Hi.does this mean that if the curie temperature isnt reached the magnet remains?
- Lasse Egelund (age 15)
Little regions (domains) would remain partially magnetized. However, a little below the Curie temperature it becomes much easier for their magnetic directions to change. Then even if the magnet is cooled back down, it will have lost most of its net magnetism, because the domains now point in nearly random directions.
(published on 05/05/09)
Follow-Up #3: cooling magnets
So, if a permanent magnet was cooled, would it have a stronger magnetic force? Or would it remain the same?
- Eric (age 12)
Littleton, CO, USA
Usually the strength of a permanent magnet does grow slightly as it is cooled. For ordinary permanent magnets, which lose their magnetism only well above room temperature, the effect is quite small.
(published on 05/18/09)
Follow-Up #4: reducing magnetism with heat
I just baked bead magnets at 275 for 15 minutes. The magnetism was greatly reduced. :( Is this normal for store-bought magnets?
- Virginia (age 31)
College Station, TX, US
That sounds very normal. As the magnets get hot, the domain walls come loose, letting the magnetism rotate. They end up much less aligned than they were to begin with.
(published on 10/16/11)
Follow-Up #5: cooling magnets
I need to do research and no trustworthy place is showing how cold affect a magnet. Does it increase it or decrease and how much? Thanks
- Brandon (age 14)
Manchester, MO, USA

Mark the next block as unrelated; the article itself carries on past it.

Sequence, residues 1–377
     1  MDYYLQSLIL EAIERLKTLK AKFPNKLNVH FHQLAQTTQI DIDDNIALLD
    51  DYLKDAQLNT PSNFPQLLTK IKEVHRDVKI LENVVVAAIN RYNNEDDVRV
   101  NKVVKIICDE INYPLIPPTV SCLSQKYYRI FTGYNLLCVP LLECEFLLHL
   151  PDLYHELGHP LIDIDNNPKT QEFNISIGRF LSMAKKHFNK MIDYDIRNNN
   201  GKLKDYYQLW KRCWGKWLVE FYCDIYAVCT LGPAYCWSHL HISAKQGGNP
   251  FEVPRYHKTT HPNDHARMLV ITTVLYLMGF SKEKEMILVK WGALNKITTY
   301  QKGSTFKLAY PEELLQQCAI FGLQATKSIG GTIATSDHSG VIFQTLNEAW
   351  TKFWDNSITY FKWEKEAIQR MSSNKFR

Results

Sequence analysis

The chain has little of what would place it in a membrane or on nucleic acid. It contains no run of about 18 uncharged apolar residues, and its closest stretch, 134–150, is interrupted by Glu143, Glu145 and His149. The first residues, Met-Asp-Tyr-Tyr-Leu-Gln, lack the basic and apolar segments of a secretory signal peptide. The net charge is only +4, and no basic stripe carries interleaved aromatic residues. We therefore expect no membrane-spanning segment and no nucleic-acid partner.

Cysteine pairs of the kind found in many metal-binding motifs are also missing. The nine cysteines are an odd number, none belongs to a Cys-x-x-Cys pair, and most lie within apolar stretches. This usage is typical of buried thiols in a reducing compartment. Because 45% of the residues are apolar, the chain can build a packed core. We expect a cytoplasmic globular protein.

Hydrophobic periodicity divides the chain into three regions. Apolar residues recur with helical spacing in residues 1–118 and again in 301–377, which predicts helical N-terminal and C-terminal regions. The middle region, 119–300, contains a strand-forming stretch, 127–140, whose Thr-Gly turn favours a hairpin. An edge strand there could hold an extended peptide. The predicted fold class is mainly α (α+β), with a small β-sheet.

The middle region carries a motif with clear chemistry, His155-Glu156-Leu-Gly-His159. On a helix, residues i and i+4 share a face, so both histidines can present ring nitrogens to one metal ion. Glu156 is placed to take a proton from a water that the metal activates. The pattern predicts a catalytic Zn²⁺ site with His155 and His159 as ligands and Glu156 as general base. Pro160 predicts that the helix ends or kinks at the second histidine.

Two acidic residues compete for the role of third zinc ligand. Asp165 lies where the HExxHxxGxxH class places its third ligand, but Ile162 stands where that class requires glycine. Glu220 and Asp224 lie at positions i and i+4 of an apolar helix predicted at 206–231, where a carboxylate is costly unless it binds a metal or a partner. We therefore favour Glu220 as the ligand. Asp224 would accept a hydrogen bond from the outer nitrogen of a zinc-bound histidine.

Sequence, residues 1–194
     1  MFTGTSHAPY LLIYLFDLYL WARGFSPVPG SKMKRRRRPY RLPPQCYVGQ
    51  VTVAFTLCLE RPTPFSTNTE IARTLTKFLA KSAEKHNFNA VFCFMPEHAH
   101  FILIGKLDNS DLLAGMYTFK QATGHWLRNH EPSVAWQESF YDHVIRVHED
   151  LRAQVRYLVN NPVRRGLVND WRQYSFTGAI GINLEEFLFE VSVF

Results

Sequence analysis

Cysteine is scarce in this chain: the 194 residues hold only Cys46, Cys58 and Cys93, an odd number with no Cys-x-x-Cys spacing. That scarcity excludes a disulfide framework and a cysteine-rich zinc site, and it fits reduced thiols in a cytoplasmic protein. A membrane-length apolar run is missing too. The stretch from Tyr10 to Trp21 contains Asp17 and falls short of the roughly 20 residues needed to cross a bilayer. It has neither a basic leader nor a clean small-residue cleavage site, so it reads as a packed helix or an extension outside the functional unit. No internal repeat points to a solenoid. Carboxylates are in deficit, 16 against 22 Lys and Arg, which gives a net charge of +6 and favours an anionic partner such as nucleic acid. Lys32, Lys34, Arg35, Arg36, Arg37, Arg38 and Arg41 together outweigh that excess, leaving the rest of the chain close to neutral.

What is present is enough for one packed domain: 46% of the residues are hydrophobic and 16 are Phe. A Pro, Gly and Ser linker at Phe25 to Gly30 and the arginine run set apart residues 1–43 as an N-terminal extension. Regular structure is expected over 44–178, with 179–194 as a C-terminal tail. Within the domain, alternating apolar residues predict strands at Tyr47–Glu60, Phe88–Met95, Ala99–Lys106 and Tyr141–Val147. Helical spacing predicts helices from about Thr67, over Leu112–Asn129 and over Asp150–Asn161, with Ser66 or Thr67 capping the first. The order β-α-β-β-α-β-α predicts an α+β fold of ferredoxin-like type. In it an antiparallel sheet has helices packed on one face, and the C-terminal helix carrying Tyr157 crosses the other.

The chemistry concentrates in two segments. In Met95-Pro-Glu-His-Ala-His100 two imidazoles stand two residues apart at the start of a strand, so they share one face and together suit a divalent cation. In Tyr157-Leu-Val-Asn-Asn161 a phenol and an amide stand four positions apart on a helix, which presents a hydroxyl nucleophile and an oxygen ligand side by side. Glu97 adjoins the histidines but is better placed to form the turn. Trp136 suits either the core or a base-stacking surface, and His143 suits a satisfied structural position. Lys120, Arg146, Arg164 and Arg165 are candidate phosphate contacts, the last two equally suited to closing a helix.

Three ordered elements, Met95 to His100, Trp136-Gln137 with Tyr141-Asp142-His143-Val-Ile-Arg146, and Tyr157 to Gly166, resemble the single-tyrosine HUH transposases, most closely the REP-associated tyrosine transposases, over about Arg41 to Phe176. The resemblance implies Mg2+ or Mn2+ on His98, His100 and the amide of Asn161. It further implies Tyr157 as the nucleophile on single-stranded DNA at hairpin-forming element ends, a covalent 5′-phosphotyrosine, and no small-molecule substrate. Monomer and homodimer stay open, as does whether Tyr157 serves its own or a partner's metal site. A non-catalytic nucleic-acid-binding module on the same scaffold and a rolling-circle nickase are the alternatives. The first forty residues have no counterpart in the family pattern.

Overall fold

I've marked this as a follow-up to an answer that was admittedly hard to find.
(published on 12/01/11)
Follow-Up #6: heating electromagnet cores
The set of questions and answers here have been very interesting.
I wanted to know if all these characteristics of the magnet losing its magnetic power when heated, and of the domains re-arranging in opposite direction, apply to the core of an electromagnet.
I have been trying to understand if heating the core of an electromagnet can help increase the saturation point and therefore enable us to produce electromagnets with smaller cores.
In short, can heating a ferromagnetic substance increase the time it takes to get saturated with flux?
- Abhilash Javaji (age 17)
Generally speaking, heating the magnet core will slightly weaken the magnetism in the domains and will make it easier for domain walls to move around. That will not increase the saturation magnetization. In fact, for ordinary field strengths the "saturation magnetization" is simply what you get when all the domains are aligned, with the applied field doing very little to increase the magnetization within each domain. So heating the core up will reduce the effective saturation magnetization.
The warmer core may be better in one regard. Since the domain walls are less stuck, it will have lower remnant magnetization, the magnetization left-over as a memory of the previously applied fields. The response to small fields may be smoother, faster, and more linear. If your goal is to reach very large fields, however, you don't want a warm core.
(published on 09/08/13)
Follow-up on this answer.